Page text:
Big Pharma Should Take Reporting Adverse Events to FDA More Seriously
The U.S. Food and Drug Administration’s requirement that pharmaceutical companies report dangerous side effects cause by medicines they manufacture is being flouted by a few bad actors. Such violations of the federal law are rare, fortunately, but the fact that some are failing to follow it can spell danger for consumers.
FDA System That Lists Drugs’ Side Effects Can Save Lives
The Adverse Event Reporting System managed by the FDA aims to protect consumers by disclosing a comprehensive list of side effects caused by marketed prescriptions that have been approved. When a company learns, for example, that the Essure birth-control device has led to instances of abdominal perforation, pelvic pain and severe rashes, it is incumbent upon officials to alert the agency, which then can add to, alter or amend the warning label. Without such crucial information, accidents, injuries and death can result from taking products intended to improve health.
The FDA recently called out Heritage Pharmaceuticals, which describes itself as a provider of “high quality generic medicines that help patients and practitioners achieve affordable healthcare solutions,” for disregarding its duties 10 times. The Eatontown, N.J., company was cited for failure to report adverse events and failure to develop proper procedures for receiving, evaluating and reporting adverse events.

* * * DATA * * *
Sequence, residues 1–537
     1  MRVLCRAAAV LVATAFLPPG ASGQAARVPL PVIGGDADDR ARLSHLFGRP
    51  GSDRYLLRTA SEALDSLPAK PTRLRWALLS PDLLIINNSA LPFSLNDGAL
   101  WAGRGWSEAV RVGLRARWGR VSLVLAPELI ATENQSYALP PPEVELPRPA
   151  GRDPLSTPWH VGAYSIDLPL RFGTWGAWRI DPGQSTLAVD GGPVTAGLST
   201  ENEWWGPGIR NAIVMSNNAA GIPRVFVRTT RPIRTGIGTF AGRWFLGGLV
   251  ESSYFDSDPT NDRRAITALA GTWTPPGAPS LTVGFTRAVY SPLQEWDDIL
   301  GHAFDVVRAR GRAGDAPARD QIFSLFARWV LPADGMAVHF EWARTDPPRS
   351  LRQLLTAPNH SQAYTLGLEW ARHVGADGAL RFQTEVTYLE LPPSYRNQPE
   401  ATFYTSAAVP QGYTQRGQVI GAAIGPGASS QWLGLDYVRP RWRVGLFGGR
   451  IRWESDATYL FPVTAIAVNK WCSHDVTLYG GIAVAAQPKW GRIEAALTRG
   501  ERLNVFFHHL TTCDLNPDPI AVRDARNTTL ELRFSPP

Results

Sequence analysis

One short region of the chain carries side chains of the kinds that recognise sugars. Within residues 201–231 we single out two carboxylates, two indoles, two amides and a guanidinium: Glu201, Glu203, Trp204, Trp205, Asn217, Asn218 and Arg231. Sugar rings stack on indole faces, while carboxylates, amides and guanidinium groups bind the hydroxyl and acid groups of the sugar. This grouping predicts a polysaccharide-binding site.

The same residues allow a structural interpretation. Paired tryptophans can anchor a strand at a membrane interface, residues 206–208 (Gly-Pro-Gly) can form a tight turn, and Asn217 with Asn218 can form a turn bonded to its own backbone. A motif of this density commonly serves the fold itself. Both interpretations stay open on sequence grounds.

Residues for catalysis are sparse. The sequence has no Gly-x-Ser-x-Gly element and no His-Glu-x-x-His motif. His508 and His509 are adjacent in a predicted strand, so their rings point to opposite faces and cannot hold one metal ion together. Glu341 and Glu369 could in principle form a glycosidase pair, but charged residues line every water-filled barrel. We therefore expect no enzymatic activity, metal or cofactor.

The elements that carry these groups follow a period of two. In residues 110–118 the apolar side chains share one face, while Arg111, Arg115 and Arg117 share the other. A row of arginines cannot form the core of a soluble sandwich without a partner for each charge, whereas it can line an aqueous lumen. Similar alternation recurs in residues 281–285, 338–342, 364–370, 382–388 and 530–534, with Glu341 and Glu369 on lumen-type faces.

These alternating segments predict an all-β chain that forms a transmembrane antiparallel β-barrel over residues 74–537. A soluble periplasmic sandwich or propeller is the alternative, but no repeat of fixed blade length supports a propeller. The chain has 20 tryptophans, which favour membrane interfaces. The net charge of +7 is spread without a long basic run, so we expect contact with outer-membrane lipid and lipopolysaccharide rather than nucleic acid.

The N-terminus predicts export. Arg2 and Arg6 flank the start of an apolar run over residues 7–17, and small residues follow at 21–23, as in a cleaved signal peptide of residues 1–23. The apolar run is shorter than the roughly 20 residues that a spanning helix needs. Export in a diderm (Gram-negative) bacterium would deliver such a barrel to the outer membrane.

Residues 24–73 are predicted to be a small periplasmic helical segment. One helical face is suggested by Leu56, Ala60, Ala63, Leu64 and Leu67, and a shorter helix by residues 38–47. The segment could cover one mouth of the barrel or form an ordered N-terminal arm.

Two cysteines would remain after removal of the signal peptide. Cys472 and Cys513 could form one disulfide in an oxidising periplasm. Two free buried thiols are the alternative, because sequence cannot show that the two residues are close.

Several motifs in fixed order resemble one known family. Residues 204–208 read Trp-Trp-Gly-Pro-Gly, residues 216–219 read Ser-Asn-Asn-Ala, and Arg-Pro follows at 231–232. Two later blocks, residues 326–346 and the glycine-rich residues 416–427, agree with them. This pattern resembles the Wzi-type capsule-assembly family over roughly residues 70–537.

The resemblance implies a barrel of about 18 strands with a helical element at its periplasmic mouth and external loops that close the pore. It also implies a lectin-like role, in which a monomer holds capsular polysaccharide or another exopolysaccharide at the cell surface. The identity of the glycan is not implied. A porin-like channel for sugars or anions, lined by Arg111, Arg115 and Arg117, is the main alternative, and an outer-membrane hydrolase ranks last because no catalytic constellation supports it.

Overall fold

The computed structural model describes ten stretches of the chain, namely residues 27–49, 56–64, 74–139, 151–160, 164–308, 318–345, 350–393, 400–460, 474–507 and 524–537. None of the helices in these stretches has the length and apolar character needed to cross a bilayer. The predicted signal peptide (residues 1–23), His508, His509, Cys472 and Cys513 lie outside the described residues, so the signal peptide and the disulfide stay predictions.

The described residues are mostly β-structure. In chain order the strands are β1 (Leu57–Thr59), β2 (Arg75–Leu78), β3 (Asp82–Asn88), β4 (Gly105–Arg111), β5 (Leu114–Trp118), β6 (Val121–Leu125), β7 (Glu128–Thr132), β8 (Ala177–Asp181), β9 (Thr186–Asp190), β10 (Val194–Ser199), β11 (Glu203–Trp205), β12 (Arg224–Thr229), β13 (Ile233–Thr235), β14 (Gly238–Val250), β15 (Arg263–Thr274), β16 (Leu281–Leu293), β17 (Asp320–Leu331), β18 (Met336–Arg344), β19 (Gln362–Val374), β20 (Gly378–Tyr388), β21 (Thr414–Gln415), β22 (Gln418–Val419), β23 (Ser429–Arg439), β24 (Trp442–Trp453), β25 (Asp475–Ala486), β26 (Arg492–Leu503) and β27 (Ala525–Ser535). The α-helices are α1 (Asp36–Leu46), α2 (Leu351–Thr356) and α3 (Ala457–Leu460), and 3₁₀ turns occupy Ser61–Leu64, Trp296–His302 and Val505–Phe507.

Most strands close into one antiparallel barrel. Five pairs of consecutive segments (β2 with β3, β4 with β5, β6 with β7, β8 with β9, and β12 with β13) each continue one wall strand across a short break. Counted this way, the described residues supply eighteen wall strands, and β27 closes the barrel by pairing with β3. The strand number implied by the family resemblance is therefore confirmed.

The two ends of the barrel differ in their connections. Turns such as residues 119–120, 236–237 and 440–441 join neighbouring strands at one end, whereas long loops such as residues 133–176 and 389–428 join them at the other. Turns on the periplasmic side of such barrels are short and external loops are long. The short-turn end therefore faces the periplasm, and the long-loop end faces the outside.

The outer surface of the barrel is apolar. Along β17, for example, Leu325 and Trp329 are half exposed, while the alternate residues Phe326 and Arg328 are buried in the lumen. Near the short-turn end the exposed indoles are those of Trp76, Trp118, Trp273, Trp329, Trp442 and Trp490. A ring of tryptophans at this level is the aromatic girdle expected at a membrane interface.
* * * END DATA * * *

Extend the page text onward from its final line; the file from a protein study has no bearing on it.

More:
“Without adequate written procedures, we cannot be assured that you will accurately capture and report important safety information about your drug products to FDA,” states a Nov. 5, 2015, letter addressed to the CEO of Heritage Pharmaceuticals. “Failure to report ADEs (Adverse Drug Experiences) to FDA at the required intervals raises concerns about your firm’s ability to monitor the safety of drug products, as well as the reliability and integrity of the information submitted to FDA.”
Heritage Pharmaceuticals isn’t the only company singled out for noncompliance. Gilead Sciences, a research-and-development outfit that “commercializes innovative medicines in areas of unmet medical need,” and GlaxoSmithKline, whose mission is “to help people to do more, feel better, live longer,” both were named in a Pharmacoepidemiology & Drug Safety analysis. The analysis found each lacked information in key categories when reporting its products’ side effects – the key categories being patient age, patient gender, the date of the adverse event and a medical explanation of the problem.
“By these measures, report completeness from drug manufacturers was poor compared with direct submissions to the agency,” according to the analysis, titled “Completeness of serious adverse drug event reports received by the US Food and Drug Administration in 2014.” “The FDA needs to update reporting requirements and compliance policies to help industry capture better adverse event information from new forms of manufacturer interactions with health professionals and consumers.